A third thing that Othello does is to require the Venetian officials to write down his words in their report. He wants them "in your letters" to speak of him as he is. They "must" so speak. It isn't enough for them to try to remember Othello's words. Short of writing his own exculpatory narrative, Othello has done all that he can to make sure that his "case" is preserved and presented.
The Substance of Othello's "Case"
The substance of his case is follows:
"speak/ Of one that lov'd not wisely but too well;/ Of one not easily jealious, but being wrought,/ Perplexed in the extreme; of one whose hand/ Like the base [Indian] threw a pearl away/ Richer than all his tribe; of one whose subdu'd eyes,/ Albeit unused to the melting mood,/ Drops tears as fast as the Arabian trees/ Their medicinable gum (5.2.343-351)."
Othello mentions four "facts" that he wants the officials to report. First, he was a man whose basic fault was an excess of love. He loved not wisely but too well. Second, that he was not by nature a jealous man but, when driven to extremes, that noxious emotion surfaced. In Othello's words, he became "perplexed in the extreme." Third, he wants them to report that the essence of his fault was that he threw something very valuable away (Desdemona) and in doing so became either like Judas or the Indian (see my mini-essay on Life Lines II) in squandering something of great value. Fourth, he wants to protray himself now as a grief-stricken man. Calling upon his penchant and skill in exotic description, Othello likens his weepy self now to the Arabian trees shedding their gum. It seems that what Othello most wants the officers to report is a tale of sadness that should evoke pity in the hearers. As Othellos says to Iago when the anguish of his situation is mounting: "But yet the pity of it,/ Iago! O Iago, the pity of it, Iago (4.1.195-196)!" In sum, Othello wants to be remembered as a man who lived and loved too much without due attention to the value of something that was precious to him.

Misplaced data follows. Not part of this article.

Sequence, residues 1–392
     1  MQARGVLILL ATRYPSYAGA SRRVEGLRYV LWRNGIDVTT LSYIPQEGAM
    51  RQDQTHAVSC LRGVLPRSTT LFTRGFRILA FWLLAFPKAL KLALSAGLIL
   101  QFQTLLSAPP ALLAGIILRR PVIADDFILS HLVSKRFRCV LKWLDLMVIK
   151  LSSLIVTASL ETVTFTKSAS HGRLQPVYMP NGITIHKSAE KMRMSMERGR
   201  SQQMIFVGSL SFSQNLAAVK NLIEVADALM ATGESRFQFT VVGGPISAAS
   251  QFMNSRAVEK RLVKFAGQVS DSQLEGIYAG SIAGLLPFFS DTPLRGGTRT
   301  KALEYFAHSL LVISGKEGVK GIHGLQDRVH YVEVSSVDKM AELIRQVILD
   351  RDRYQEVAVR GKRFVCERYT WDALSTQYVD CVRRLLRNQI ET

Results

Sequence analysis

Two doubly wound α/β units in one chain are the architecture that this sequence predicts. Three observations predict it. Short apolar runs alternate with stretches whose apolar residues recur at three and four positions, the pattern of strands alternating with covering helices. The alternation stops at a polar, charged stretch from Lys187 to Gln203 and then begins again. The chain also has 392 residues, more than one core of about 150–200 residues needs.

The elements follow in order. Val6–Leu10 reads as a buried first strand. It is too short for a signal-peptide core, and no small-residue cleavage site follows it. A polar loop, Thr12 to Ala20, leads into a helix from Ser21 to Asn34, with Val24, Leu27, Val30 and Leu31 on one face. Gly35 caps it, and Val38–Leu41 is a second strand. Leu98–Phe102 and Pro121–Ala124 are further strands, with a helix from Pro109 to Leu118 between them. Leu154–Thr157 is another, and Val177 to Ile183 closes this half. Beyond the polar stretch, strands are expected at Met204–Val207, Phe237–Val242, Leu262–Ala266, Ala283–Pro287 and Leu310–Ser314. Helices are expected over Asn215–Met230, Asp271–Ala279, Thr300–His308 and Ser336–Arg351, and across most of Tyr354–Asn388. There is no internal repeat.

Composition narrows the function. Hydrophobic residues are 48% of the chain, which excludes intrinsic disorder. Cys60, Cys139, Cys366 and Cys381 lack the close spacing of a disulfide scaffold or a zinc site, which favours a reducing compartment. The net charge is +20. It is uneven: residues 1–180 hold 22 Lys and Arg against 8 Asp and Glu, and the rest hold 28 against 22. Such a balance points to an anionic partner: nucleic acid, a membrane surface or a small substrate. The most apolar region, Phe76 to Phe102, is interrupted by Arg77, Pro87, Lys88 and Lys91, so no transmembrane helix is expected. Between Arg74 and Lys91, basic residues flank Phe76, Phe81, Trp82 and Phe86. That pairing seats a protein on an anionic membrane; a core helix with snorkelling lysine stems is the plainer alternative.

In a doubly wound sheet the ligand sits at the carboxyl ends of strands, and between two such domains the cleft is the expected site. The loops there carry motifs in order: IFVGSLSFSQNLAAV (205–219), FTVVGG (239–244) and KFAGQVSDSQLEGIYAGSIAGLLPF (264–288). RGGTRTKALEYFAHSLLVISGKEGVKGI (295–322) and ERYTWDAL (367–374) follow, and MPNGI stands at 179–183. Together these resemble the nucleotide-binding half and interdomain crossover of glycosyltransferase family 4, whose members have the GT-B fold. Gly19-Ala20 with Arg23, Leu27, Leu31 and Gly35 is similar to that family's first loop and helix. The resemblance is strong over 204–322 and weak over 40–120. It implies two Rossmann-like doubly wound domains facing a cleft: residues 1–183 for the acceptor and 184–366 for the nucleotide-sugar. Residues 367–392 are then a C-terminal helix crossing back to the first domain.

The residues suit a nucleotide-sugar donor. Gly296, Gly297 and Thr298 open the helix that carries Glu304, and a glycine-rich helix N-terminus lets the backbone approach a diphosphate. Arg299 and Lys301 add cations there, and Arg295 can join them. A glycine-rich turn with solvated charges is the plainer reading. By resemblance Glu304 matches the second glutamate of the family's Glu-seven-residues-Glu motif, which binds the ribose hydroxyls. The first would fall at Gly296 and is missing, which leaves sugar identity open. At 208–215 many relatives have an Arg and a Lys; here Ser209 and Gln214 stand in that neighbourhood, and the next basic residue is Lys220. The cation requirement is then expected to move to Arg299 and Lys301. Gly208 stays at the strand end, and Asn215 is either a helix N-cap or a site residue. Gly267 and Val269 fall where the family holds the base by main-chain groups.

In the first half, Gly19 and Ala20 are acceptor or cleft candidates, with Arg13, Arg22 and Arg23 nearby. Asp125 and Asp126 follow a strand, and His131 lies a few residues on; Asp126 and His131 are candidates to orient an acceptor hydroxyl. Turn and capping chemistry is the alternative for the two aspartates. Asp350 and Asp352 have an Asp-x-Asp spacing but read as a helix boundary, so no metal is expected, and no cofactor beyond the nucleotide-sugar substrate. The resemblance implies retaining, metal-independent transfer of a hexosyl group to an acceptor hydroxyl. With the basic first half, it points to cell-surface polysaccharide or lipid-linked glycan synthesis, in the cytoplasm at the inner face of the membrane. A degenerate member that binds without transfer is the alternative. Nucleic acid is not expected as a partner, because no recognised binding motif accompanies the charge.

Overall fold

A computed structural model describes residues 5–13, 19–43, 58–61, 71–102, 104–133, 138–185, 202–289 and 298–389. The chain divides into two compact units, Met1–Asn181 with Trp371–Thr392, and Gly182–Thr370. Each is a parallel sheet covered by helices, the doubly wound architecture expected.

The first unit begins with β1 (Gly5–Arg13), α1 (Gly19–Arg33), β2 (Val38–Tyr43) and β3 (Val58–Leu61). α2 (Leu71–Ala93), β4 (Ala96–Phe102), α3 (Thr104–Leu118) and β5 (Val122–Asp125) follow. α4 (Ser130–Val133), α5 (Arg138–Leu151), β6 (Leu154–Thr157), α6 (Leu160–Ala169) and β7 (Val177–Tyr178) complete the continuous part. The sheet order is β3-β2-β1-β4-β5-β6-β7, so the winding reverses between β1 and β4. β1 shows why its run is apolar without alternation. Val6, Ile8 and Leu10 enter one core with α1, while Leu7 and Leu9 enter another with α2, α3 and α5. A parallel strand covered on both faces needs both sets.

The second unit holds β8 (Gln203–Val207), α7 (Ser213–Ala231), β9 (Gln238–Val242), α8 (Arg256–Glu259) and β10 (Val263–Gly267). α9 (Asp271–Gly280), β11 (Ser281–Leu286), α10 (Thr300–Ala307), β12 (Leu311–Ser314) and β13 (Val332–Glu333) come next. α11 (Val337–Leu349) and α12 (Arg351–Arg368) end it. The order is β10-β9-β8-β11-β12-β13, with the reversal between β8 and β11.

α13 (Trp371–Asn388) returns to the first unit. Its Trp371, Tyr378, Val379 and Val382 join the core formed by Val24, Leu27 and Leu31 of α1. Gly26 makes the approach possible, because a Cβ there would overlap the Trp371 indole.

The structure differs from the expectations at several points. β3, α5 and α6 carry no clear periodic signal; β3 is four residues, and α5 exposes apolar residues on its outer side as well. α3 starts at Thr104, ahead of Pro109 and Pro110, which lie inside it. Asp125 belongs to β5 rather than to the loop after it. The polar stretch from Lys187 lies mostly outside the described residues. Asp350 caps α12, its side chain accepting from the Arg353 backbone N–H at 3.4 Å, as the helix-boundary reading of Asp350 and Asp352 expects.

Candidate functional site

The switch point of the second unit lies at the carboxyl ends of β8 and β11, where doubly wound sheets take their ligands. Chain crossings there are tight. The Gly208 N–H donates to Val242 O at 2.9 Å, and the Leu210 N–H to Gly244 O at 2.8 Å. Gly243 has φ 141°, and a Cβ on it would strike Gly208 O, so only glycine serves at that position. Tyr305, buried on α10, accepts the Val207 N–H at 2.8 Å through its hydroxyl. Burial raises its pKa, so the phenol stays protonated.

Responding to Othello's "Case"
It would be hard to imagine a more one-sided attempt at self-justification. He attributes his faults to an excess of good things in him or succumbing to something that was his nature to do when pressed to the wall. Each of his assertions is open to question, though space does not permit a full examination. First, one could argue that the problem with his love was not that it was extreme but that it was derivative. He never really understood nor tried to understand the palpitations of Desdemona's heart. Second, we can argue that his jealous emotion was rather easily stimulated by a clever man who knew that he could "tenderly be led by th' nose/ As asses are (1.3.401-402)." Third, he didn't throw a great pearl away; he murdered his wife. Throwing a pearl away brings up the spectre of unwitting action or foolishness; we could argue, in contrast, for venality and blind viciousness. Finally, what is the legal value of tears? Should tears melt us as they have melted him? Those who are skeptical of his first three "facts" certainly will not grant him the nobility of his tears.
Othello challenges and tantalizes even as he speaks his last.
Copyright © 2004-2007 William R. Long